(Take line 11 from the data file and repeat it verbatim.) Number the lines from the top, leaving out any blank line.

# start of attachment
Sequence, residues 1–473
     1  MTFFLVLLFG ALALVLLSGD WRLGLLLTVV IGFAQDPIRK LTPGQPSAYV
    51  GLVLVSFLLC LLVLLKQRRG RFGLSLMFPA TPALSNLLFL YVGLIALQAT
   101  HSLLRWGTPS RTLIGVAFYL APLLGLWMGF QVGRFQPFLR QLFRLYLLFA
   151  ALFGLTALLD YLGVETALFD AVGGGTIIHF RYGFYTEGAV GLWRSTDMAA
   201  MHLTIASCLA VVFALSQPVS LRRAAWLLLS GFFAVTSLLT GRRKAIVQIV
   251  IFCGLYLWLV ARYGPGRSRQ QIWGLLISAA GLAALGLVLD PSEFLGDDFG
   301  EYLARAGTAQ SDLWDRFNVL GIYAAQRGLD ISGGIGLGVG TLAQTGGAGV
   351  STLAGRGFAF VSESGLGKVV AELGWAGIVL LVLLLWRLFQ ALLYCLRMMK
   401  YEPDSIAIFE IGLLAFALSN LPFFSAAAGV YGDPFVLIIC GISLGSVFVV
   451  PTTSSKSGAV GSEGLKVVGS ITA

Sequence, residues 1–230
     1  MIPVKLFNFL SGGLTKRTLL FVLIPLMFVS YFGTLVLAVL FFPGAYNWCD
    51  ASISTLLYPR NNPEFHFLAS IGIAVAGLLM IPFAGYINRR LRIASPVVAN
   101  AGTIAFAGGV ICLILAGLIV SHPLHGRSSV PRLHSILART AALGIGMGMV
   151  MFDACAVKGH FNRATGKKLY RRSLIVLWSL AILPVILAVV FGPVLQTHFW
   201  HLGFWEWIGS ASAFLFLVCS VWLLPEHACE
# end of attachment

   451  PTTSSKSGAV GSEGLKVVGS ITA